The Fisherman
- Poetry of Su Shi


- Last updated: 2024-01-05 12:35:33

The Fisherman by Su Shi













English Translation

The fisherman will drink.

And you know where he goes.

All at once of his fish and crabs he will dispose.

Then he will drink his fill and will not stop 

Till drunk:he need not pay nor be paid by the wineshop.

The fisherman is drunk,

His straw cloak seems to dance.

He looks for his way back as if in a trance.

His light boat drifts with its short oars slanting sideway,

Woke up,he knows not where he is carried away.

The fisherman wakes up

At noon on the spring stream.

Falling flowers and catkins fly into his dream.

Woke up,he is still dreaming;drunk,he wakes at last,

Laughing at the human world both present and past.

The fisherman laughs 

And light gulls will plane

On the silent river o'erspread with wind and rain.

-A busy horseman on the bank opens his mouth,

Asking me for my small boat to ferry him south.


Why Chinese poems is so special?
The most distinctive features of Chinese poetry are: concision- many poems are only four lines, and few are much longer than eight; ambiguity- number, tense and parts of speech are often undetermined, creating particularly rich interpretative possibilities; and structure- most poems follow quite strict formal patterns which have beauty in themselves as well as highlighting meaningful contrasts.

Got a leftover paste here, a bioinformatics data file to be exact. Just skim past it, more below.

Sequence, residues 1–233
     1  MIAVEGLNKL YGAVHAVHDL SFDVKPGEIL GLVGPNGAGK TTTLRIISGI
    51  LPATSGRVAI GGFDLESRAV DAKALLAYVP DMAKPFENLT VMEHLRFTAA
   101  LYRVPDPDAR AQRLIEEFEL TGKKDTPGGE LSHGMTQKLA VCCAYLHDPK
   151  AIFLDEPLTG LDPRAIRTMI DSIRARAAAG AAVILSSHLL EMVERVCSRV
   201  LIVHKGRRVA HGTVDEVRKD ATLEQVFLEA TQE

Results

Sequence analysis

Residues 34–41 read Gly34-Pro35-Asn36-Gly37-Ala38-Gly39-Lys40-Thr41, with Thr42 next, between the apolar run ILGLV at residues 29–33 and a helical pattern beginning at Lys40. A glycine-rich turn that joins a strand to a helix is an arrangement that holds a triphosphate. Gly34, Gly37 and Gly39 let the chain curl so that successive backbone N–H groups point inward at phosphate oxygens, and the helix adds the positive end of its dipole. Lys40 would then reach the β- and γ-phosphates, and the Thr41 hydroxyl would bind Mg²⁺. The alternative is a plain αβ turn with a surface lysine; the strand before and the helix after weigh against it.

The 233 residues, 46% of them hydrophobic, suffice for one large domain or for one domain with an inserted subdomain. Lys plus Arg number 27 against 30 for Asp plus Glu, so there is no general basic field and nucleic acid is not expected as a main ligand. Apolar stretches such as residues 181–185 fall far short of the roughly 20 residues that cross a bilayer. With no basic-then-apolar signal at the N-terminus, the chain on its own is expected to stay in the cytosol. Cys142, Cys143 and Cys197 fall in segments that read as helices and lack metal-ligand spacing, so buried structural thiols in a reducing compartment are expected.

How to read a Chinese poem?
Like an English poem, but more so. Everything is there for a reason, so try to find that reason. Think about all the possible connotations, and be aware of the different possibilities of number and tense. Look for contrasts: within lines, between the lines of each couplet and between successive couplets. Above all, don't worry about what the poet meant- find your meaning.

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